With the Government declaring the poll dates for Assembly elections in five states, the great India election Juggernaut has been set rolling. With it begin the high decibel rhetorics, relentless campaigning, mega money and one of the few occasions when ad agencies and political parties directly collaborate with each other.
A relatively new development vis-à-vis corporate or brand advertising, political advertising poses its own set of challenges and uniqueness. One may recall the election campaigns designed by Rediffusion Y&R (then Rediffusion DY&R) for the late Rajiv Gandhi in the late 80s.
And then there was the India Shining campaign of the previous BJP-led National Democratic Alliance Government leading up to the 2004 Lok Sabha elections. Reportedly Rs 500 crore was spent on this campaign, which also drew its share of flak for sweeping under the carpet pressing social issues like poverty, illiteracy and inequality.
Incidentally, BJP’s campaign for the Assembly elections in Delhi on November 29, 2008, has run into some rough weather with allegations of some irregularities in selection of the advertising agency to handle the ad campaign. (Read:
Political advertising not so easy: Controversy rises over BJP Delhi election campaign)
However, political advertising is here to stay as various parties are realising that it requires more than ideologies and mandates to woo today’s voters. As any brand, parties now look to project a shining image replete with detailed media strategies, audio-visual presentations, campaigns designed for different TGs, taglines and what have you.
While lacking the sophistication and well-managed poll campaigns of the US Presidential elections as in the case of the current Obama versus McCain poll battle, political advertising in India has to be designed keeping in mind the huge diversity in the nation regarding language, religion, cultural sensitivities, region, social status and the rural and urban ‘divide’.
It of course remains to be seen whether political leaders would get remodelled as brand ambassadors of their parties. Will party accounts, pegged at crores of rupees, prove to be windfall for agencies? Will politicians write blogs or distribute their masks around, a la Narendra Modi? Will specialised media minds be able to shape up political advertising? And will advertising mould the Indian minds and deliver the votes? exchange4media finds out from ad industry honchos.
A long way to go
Most media observers have said that even though political advertising in India has come of age, it still has some way to go.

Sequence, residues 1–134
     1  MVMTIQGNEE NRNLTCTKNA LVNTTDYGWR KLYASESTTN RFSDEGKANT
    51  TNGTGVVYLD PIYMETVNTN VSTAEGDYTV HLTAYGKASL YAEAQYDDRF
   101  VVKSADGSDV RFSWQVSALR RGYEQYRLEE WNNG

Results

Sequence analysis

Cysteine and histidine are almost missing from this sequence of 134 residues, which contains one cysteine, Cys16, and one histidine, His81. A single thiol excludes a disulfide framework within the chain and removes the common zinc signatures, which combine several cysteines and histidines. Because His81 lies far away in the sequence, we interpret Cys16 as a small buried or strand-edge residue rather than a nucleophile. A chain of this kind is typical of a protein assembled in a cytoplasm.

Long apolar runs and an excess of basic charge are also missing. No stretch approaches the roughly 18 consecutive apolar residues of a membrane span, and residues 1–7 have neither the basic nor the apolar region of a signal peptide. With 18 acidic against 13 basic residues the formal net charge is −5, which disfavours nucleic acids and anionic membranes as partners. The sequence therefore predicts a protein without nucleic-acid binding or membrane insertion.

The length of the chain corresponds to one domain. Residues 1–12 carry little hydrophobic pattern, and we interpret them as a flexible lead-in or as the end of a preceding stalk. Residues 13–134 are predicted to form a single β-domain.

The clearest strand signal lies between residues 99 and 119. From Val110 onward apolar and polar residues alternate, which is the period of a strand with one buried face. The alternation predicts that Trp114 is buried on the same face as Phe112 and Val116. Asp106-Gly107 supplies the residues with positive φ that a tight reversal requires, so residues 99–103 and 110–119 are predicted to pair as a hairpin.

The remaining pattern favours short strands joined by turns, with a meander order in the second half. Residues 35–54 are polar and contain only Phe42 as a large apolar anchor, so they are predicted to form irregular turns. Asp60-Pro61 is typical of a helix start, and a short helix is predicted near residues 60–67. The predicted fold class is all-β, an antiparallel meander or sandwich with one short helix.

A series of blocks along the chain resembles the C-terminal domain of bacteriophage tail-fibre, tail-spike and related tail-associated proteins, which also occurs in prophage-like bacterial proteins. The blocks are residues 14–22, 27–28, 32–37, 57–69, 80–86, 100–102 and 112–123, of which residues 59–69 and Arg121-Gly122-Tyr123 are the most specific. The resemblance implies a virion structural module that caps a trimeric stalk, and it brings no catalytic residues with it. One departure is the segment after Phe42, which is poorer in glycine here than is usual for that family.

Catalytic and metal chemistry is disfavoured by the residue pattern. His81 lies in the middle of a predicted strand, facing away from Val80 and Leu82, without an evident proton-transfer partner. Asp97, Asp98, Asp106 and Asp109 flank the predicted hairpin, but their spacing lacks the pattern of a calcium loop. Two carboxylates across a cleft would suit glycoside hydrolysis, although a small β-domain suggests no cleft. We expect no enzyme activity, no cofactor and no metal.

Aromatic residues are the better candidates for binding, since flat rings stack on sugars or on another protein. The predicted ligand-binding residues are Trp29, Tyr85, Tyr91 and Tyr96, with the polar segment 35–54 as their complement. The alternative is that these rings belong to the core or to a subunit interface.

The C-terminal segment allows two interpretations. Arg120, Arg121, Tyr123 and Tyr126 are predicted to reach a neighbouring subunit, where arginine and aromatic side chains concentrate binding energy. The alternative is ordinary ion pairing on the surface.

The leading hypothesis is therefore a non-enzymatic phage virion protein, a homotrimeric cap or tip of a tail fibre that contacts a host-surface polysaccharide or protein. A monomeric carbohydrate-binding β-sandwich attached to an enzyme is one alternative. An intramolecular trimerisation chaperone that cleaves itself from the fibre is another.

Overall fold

Nirvik Singh, President, South East Asia, Grey Group, observed, “As far as the evolution of political advertising in India is concerned, political parties are now more focussed in their marketing strategies and value-advertising as part of their voting campaigns.” Ranjan Bargotra, President, Crayons, added, “Political advertising has definitely come of age in India. There will be no more posters and slogans. The campaigns will be much more evolved and professional. Political parties have realised the importance of advertising and started appointing specialists for the same.”
Punitha Arumugam, Group CEO, Madison Media, observed, “Unlike in the US, where there are negative or confrontational campaigns, in India, political campaigning is just an extension of the mundane everyday FMCG kind of campaigns. Campaigns here do not take up that aggressive look of the US.”
Ramanujam Sridhar, CEO, Brand-Comm, noted, “In India, political advertising is by and large an attempt to get your symbol across. Given the level of illiteracy in India, it is more of a reminder activity without too much of an underlying thought behind it. However, there are some cases that point that in the coming elections, we would see a more professional approach. For instance, in the Karnataka State elections in May this year, the BJP had attacked some of the basic development issues than a mere campaign of symbols.”
Singh pointed out here that even as Indian political advertising was not like the US during their Presidential elections, there was a huge potential in the area. He said, “Political advertising is not disorganised. I believe they require better focused consultancy to drive their messages to the public.”
Print and outdoor still dominate political ad campaigns
Most experts have said that even as political advertising should be a mix of all media, in India, the ad campaigns are still dominated by the print and the outdoor media. Some signs of Internet use are just trickling in.
Singh said, “Campaign advertising should be a mix of all media. Print, TV and outdoor, especially regional, will play a vital role in their communication campaigns.”
Bargotra explained further, “For the Lok Sabha elections, TV plays a substantial role, but for State elections, regional print media and other OOH campaigns will be dominant. The Internet is believed to be creating a great impact in the coming elections as the huge youth population of India can be reached through the Internet. Around four crore young voters would be connected through the Internet.”
Sridhar is among those who believe that political advertising has evolved in its media consumption pattern. According to him, there was a great opportunity for agencies to deliver while working on political accounts as such campaigns commanded tremendous visibility and involved people from every strata of the society. Citing an example, he said, “Campaigns based on short films, documentaries and OOH will play a major role. Radio jingles will play a new role for the elections henceforth. The entire approach of political advertising will be much more professional and organised.”
That is indeed a positive development. Now, if political advertising leads to a windfall of votes, one can see the same sophistication and of course mega money being pumped in for party promotion of an organised kind.
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